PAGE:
Progressive Discipline

Jeffrey Alan Love

 

Even when the standards for performance and behavior on the job are clearly communicated, most managers find themselves dealing with a problem employee at some point in their career. Dismissal might seem like the quickest and easiest solution when an employee’s actions disrupt the office. But a disciplinary plan that sets goals for improvement and consequences for failure can protect employees and managers alike.

Progressive discipline is one process for dealing with poor performance or misconduct that features increasingly formal efforts to provide feedback to the employee so that he or she can correct the problem. 

Human resources consultant Susan M. Heathfield stresses “the process of progressive discipline is not intended as a punishment for an employee, but to assist the employee to overcome performance problems and satisfy job expectations.” Progressive discipline is most successful when it allows the employee to become a productive member of the organization, she says. 

In the private sector, the progressive discipline system includes the following steps for managers:

  •  Talk with the employee to ensure he or she understands job requirements and expectations.
  •  Find out whether there are any issues that could be contributing to poor performance. Brainstorm how you can help the employee tackle those issues.
  •  Verbally reprimand the employee— in private—if poor performance continues to be an issue.
  •  Present a written warning to the employee and file it with the appropriate individuals in the human resources or legal department.
  •  Suspend the employee for as many as five days, depending on the severity of the infraction.

The Office of Personnel Management’s Handbook on Dealing With Workplace Violence lays out an example of how progressive discipline can work in federal offices. First, OPM advises managers to discuss potential disciplinary actions with employee relations staff, and the Office of General Counsel if necessary. If an employee’s misconduct does not endanger fellow employees or disrupt the office, then managers should apply progressive discipline before considering official adverse actions. The sequence could start with a reprimand and lead to a warning and then suspension or alternative disciplinary measures as needed. As OPM notes in its guidance, “lesser disciplinary actions involve considerably fewer procedures than the adverse actions listed below.”

Managers who find an official adverse action necessary must be familiar with the attendant laws and regulations. An adverse action can be taken only for conduct that would hamper the agency’s operations. When an adverse action is proposed, the employee is entitled to 30 days’ advanced written notice. A lesser, seven-day notice period is allowed if the agency has “reasonable cause” to believe that the employee has committed a crime and faces imprisonment.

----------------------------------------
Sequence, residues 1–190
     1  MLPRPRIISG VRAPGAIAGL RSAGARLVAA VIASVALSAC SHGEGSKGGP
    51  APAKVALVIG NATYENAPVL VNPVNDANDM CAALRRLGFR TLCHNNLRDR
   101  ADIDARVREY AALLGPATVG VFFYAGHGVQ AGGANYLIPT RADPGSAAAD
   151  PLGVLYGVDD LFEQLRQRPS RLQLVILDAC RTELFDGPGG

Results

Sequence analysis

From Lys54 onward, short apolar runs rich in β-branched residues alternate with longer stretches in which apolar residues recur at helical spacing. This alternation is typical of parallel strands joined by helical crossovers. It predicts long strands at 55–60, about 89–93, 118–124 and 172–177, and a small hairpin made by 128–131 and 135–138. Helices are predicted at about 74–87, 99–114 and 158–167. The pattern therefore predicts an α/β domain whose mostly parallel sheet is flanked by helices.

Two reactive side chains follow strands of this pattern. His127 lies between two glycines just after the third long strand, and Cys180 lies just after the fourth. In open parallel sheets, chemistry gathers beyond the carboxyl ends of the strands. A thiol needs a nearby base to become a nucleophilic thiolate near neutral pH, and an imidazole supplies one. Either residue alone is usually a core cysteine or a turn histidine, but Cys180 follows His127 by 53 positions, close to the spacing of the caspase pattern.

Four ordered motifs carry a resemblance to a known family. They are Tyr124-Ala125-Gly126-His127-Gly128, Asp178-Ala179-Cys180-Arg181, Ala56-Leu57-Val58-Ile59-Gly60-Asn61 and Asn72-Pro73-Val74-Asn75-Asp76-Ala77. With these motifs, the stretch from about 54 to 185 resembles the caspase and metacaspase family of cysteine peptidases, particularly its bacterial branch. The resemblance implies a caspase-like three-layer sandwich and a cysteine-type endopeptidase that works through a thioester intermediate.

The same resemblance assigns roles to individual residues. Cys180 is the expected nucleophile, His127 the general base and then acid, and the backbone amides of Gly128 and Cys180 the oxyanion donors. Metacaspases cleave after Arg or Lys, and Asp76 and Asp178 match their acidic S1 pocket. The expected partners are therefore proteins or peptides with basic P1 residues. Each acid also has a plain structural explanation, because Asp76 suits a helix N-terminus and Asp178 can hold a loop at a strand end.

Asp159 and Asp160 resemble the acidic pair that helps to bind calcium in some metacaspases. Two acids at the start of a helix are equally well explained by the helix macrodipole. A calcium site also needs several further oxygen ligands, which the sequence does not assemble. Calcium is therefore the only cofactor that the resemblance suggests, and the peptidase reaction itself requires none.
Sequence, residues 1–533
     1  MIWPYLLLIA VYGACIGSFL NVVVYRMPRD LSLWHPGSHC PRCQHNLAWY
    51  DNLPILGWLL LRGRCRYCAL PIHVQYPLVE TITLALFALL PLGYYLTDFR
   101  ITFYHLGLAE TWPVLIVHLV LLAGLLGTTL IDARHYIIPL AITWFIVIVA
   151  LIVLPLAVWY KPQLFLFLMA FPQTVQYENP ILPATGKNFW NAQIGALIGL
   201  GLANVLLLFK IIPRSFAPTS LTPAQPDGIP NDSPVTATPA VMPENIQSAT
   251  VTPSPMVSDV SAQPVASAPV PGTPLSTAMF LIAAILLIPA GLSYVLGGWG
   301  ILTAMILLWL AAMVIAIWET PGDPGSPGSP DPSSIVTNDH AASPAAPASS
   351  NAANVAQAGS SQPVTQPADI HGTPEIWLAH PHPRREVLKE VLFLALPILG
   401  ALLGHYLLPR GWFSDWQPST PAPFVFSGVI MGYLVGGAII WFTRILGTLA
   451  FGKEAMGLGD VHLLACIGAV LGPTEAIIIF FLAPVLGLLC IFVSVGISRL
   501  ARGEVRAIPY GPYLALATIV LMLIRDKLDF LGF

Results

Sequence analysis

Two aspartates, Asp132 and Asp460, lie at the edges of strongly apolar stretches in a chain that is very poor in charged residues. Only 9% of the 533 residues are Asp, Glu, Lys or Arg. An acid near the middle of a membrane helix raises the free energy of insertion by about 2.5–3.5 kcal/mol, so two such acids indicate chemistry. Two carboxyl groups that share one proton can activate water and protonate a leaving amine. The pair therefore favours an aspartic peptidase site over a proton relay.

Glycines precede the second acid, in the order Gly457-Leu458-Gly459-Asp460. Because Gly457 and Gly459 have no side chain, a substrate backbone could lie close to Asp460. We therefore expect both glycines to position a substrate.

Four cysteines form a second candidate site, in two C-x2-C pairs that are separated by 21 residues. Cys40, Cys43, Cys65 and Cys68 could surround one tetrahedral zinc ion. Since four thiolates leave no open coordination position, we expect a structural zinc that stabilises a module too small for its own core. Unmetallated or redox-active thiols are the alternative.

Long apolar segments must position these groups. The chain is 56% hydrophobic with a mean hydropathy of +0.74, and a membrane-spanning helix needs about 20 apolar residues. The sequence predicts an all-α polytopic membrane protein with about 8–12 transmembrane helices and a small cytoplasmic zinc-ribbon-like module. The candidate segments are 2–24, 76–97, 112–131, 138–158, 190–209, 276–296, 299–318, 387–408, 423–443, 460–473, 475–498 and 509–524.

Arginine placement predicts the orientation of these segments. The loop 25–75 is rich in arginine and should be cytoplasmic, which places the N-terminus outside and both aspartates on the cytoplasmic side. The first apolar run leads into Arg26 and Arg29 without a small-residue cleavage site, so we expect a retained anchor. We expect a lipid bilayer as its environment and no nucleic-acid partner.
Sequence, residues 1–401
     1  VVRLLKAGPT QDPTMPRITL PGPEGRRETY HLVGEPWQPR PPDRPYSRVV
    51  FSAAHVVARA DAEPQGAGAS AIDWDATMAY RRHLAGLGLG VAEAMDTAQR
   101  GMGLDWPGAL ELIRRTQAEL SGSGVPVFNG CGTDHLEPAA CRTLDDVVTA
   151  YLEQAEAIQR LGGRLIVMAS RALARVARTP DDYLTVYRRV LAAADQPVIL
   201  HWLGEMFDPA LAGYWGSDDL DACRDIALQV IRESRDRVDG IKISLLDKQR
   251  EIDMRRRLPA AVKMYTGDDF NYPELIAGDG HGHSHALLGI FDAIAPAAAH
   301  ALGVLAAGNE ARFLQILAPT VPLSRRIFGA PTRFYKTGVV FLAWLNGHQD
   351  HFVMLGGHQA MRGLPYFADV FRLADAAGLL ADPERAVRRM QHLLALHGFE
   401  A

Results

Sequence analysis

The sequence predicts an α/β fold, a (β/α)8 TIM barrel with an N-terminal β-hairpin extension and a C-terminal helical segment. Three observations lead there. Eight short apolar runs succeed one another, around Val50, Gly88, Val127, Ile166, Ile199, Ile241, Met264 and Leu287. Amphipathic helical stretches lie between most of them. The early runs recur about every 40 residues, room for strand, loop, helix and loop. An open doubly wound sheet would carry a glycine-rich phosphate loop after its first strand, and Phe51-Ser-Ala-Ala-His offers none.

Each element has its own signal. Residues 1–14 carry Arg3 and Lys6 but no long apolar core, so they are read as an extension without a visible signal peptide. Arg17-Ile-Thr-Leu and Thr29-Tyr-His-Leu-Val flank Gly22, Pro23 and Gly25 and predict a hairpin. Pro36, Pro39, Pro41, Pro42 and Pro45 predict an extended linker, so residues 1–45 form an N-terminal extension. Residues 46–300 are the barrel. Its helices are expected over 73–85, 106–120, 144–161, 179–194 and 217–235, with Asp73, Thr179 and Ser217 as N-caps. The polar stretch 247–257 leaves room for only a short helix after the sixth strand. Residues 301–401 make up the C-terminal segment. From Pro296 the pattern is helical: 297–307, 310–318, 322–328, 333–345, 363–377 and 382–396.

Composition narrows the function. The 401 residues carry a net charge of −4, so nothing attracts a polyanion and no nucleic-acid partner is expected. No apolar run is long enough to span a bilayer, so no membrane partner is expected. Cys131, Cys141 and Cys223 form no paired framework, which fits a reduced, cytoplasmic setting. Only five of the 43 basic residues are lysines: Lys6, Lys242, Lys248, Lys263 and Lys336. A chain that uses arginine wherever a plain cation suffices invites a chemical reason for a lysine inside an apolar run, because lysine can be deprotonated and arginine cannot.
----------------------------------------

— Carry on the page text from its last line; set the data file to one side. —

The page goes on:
The written notice must provide reasons for the proposed action. Then the agency must give the employee time to respond and consider the employee’s response. When a final decision is made, the employee must be notified again. If the agency decides to take the proposed action, then the employee must be advised of his or her appeal rights. 

Progressive discipline is win-win for employees, who deserve to be given the chance to rise to expectations, and for managers, who deserve to be protected and supported for firing an employee when it’s warranted. 

Elizabeth Newell covered management, human resources and contracting at Government Executive for three years.

Stay up-to-date with federal news alerts and analysis — Sign up for GovExec's email newsletters.
FROM OUR SPONSORS
JOIN THE DISCUSSION
Close [ x ] More from GovExec
 
 

Thank you for subscribing to newsletters from GovExec.com.
We think these reports might interest you:

  • Forecasting Cloud's Future

    Conversations with Federal, State, and Local Technology Leaders on Cloud-Driven Digital Transformation

    Download
  • The Big Data Campaign Trail

    With everyone so focused on security following recent breaches at federal, state and local government and education institutions, there has been little emphasis on the need for better operations. This report breaks down some of the biggest operational challenges in IT management and provides insight into how agencies and leaders can successfully solve some of the biggest lingering government IT issues.

    Download
  • Communicating Innovation in Federal Government

    Federal Government spending on ‘obsolete technology’ continues to increase. Supporting the twin pillars of improved digital service delivery for citizens on the one hand, and the increasingly optimized and flexible working practices for federal employees on the other, are neither easy nor inexpensive tasks. This whitepaper explores how federal agencies can leverage the value of existing agency technology assets while offering IT leaders the ability to implement the kind of employee productivity, citizen service improvements and security demanded by federal oversight.

    Download
  • IT Transformation Trends: Flash Storage as a Strategic IT Asset

    MIT Technology Review: Flash Storage As a Strategic IT Asset For the first time in decades, IT leaders now consider all-flash storage as a strategic IT asset. IT has become a new operating model that enables self-service with high performance, density and resiliency. It also offers the self-service agility of the public cloud combined with the security, performance, and cost-effectiveness of a private cloud. Download this MIT Technology Review paper to learn more about how all-flash storage is transforming the data center.

    Download
  • Ongoing Efforts in Veterans Health Care Modernization

    This report discusses the current state of veterans health care

    Download

When you download a report, your information may be shared with the underwriters of that document.